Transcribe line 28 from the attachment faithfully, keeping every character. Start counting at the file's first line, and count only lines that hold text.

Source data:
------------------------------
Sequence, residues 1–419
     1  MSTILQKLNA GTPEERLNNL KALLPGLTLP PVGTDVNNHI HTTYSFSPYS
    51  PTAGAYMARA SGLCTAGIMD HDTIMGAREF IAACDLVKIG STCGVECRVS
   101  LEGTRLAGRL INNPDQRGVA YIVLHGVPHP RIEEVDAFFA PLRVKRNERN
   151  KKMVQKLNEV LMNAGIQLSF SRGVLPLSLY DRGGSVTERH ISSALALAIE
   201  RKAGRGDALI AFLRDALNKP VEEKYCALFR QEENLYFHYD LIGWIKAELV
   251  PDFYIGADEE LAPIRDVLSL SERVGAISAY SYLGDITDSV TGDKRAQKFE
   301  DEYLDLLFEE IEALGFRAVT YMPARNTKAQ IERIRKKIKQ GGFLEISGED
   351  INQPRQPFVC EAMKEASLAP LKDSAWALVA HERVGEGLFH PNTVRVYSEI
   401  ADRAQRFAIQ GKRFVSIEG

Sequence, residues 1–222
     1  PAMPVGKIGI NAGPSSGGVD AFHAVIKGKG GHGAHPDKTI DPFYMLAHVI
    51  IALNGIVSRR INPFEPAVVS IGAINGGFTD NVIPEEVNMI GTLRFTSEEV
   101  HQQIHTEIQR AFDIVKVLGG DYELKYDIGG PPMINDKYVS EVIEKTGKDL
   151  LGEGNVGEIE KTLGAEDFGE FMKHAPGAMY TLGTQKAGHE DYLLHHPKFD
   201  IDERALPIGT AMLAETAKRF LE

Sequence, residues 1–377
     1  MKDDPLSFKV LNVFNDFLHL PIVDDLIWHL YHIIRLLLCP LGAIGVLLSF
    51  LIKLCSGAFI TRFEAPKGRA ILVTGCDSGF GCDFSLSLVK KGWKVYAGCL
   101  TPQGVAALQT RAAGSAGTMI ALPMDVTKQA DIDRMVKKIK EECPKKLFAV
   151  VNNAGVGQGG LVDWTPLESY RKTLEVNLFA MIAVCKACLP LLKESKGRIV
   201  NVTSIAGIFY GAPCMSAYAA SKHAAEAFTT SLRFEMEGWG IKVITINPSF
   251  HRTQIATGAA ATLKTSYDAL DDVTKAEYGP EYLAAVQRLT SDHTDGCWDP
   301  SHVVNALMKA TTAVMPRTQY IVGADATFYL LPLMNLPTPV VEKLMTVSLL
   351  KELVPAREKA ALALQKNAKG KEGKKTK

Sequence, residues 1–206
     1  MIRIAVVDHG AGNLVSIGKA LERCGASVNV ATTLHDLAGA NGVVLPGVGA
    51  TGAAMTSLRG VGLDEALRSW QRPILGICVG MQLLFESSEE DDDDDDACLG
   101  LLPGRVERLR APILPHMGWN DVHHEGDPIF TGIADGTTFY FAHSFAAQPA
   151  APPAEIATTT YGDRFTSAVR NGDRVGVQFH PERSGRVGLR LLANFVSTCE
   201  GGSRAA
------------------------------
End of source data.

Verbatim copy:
    51  TGAAMTSLRG VGLDEALRSW QRPILGICVG MQLLFESSEE DDDDDDACLG